California Family Law Judges Discretion to Adjust Child Support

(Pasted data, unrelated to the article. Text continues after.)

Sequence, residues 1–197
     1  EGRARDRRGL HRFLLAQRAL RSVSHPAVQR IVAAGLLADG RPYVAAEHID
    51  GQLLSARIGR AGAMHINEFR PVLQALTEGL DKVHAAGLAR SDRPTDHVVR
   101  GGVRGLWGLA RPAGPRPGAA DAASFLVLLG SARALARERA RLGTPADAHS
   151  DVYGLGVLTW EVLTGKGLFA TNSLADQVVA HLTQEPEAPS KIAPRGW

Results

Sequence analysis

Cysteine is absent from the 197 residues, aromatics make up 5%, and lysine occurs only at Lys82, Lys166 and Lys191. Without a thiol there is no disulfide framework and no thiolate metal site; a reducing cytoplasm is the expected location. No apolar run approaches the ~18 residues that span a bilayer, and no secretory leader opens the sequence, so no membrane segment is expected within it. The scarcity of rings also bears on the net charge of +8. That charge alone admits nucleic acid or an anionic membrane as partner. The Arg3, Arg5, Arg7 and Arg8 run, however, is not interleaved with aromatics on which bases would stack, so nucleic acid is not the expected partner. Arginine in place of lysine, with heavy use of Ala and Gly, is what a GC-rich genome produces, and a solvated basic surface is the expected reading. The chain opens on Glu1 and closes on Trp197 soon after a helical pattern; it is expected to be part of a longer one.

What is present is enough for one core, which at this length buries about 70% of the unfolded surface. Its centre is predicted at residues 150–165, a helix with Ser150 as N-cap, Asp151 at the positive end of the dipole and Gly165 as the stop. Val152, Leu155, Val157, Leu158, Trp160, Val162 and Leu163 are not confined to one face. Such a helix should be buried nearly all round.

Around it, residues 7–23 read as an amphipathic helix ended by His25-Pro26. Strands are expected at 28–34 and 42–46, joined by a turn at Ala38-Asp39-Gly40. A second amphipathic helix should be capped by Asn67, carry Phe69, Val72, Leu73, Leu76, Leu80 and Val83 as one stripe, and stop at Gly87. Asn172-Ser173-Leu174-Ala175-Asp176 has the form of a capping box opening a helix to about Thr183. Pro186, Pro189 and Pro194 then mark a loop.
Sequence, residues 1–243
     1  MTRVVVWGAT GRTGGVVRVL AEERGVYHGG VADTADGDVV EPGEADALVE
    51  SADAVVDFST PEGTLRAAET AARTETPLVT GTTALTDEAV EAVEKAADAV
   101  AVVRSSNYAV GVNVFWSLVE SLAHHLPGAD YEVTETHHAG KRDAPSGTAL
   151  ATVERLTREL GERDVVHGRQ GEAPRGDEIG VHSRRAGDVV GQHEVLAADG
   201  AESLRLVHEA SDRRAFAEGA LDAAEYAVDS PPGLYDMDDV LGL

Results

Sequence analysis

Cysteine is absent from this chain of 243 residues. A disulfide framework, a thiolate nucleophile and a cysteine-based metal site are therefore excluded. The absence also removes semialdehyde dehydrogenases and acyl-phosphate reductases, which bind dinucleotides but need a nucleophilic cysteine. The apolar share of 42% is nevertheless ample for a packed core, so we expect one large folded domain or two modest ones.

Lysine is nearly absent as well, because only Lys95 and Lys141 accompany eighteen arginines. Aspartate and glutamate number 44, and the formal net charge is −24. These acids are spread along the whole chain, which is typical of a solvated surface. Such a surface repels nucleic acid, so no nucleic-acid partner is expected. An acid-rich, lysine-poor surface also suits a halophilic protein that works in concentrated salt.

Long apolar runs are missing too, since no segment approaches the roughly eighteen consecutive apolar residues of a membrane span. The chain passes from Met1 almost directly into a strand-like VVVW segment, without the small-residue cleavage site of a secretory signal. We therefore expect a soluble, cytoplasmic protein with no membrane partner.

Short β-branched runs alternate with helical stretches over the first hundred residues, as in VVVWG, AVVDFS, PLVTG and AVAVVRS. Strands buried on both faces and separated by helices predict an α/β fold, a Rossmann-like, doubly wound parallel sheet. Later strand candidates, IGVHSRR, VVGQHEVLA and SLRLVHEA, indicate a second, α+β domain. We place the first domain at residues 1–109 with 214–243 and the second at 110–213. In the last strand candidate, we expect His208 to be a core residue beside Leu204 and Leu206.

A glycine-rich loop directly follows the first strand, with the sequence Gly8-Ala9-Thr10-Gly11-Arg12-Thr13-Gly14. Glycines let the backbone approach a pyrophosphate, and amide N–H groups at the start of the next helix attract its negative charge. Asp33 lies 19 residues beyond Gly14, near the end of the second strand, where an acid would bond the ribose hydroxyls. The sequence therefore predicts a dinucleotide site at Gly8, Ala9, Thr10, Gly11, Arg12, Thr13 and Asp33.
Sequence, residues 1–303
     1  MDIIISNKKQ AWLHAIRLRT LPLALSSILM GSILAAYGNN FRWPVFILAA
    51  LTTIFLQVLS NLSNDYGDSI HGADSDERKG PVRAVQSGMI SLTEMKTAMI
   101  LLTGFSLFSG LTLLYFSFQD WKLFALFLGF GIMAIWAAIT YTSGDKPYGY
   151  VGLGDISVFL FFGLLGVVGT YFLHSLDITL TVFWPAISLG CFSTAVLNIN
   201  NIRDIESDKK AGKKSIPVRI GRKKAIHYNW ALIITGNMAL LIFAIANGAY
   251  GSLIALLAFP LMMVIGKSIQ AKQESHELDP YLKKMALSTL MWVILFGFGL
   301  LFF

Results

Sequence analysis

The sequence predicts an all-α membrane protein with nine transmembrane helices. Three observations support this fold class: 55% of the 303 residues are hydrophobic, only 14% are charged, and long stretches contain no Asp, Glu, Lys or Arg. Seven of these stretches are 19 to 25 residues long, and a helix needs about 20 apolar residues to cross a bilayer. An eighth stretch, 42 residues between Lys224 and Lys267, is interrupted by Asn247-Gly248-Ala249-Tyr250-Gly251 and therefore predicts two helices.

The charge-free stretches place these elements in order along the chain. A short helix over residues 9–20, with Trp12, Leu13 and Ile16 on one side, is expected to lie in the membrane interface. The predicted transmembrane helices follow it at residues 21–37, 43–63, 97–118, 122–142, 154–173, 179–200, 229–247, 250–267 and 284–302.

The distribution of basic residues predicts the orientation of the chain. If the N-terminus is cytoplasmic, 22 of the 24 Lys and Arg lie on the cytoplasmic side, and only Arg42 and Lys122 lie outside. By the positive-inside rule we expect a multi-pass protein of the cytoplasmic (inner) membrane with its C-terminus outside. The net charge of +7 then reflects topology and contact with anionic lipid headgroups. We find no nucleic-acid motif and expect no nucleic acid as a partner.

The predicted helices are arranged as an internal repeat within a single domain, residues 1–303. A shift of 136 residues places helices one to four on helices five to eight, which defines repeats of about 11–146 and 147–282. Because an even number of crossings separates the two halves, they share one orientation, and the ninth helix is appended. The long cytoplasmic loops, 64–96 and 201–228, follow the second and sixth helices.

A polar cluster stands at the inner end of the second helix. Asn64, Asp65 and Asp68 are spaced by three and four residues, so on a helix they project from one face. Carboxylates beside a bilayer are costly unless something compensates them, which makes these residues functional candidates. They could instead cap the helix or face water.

In re Marriage of Lusby (1998) 64 Cal. App. 4th 459 75 Cal. Rptr. 2d 263 concerned a postdissolution proceeding to adjudicate the former wife's request for certain add-on expenses to support the two minor children of the marriage. The trial court did recognize that family law judges retain "traditional discretionary authority to adjust child support orders in individual cases where fairness requires it." (Id. at p. 471.) However, ultimately the award was not based upon the court's equitable powers, but upon the statutory provisions of the Family Code. (Id. at pp. 473-475.) In addition, the question confronting the trial court was the modification of the level of support that would then be owed prospectively. It was nowhere discussed that the court had discretionary or equitable powers to alter or extinguish an amount of child support that had already been awarded and accrued, as would result in the instant case. The same can be said for Keith G. v. Suzanne H. (1998) 62 Cal. App. 4th 853 72 Cal. Rptr. 2d 525 (Keith G.) and Jackson v. Jackson (1975) 51 Cal. App. 3d 363 124 Cal. Rptr. 101. The Court of Appeal held that the trial court could: (1) give credit for past overpayment; (2) permit partial enforcement of, or quash a writ of execution against a parent in arrears who, during the period in question, had sole physical custody of the child; (3) take into consideration whether the parent had satisfied or otherwise discharged the support obligation. (Keith G., supra, 62 Cal. App. 4th at pp. 858-859; Jackson v. Jackson, supra, 51 Cal. App. 3d at p. 368.) The Court of Appeal did not hold that a trial court had "equitable discretion" to determine that the arrears were not required to be paid in any form. In fact, Keith G. holds that the trial court lacks jurisdiction to modify or terminate support that has already accrued. (Keith G., supra, 62 Cal. App. 4th at p. 858; Fam. Code, 3651, subd. (c); see also In re Marriage of Comer, supra, 14 Cal. 4th at pp. 541-542 (conc. opn. of Baxter, J.) judgment for child support is a vested property right involving due process considerations.) This interpretation of these cases comports with Family Code section 4502 that provides, in pertinent part, that "a judgment for child, family, or spousal support, including all lawful interest and penalties computed thereon, is enforceable until paid in full."